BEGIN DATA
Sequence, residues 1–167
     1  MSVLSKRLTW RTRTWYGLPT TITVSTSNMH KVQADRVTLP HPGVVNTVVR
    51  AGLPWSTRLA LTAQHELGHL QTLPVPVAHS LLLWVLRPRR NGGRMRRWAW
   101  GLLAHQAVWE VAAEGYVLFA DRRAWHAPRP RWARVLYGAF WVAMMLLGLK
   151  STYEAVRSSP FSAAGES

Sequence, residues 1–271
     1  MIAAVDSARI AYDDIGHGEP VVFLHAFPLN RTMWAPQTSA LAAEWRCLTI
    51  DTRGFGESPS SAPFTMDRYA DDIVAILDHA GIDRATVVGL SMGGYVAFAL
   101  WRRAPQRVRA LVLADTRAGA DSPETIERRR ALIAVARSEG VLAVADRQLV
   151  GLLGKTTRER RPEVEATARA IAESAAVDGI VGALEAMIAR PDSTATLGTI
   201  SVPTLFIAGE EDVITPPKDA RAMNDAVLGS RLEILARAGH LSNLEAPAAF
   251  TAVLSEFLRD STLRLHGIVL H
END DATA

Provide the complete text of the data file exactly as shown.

Sequence, residues 1–167
     1  MSVLSKRLTW RTRTWYGLPT TITVSTSNMH KVQADRVTLP HPGVVNTVVR
    51  AGLPWSTRLA LTAQHELGHL QTLPVPVAHS LLLWVLRPRR NGGRMRRWAW
   101  GLLAHQAVWE VAAEGYVLFA DRRAWHAPRP RWARVLYGAF WVAMMLLGLK
   151  STYEAVRSSP FSAAGES

Sequence, residues 1–271
     1  MIAAVDSARI AYDDIGHGEP VVFLHAFPLN RTMWAPQTSA LAAEWRCLTI
    51  DTRGFGESPS SAPFTMDRYA DDIVAILDHA GIDRATVVGL SMGGYVAFAL
   101  WRRAPQRVRA LVLADTRAGA DSPETIERRR ALIAVARSEG VLAVADRQLV
   151  GLLGKTTRER RPEVEATARA IAESAAVDGI VGALEAMIAR PDSTATLGTI
   201  SVPTLFIAGE EDVITPPKDA RAMNDAVLGS RLEILARAGH LSNLEAPAAF
   251  TAVLSEFLRD STLRLHGIVL H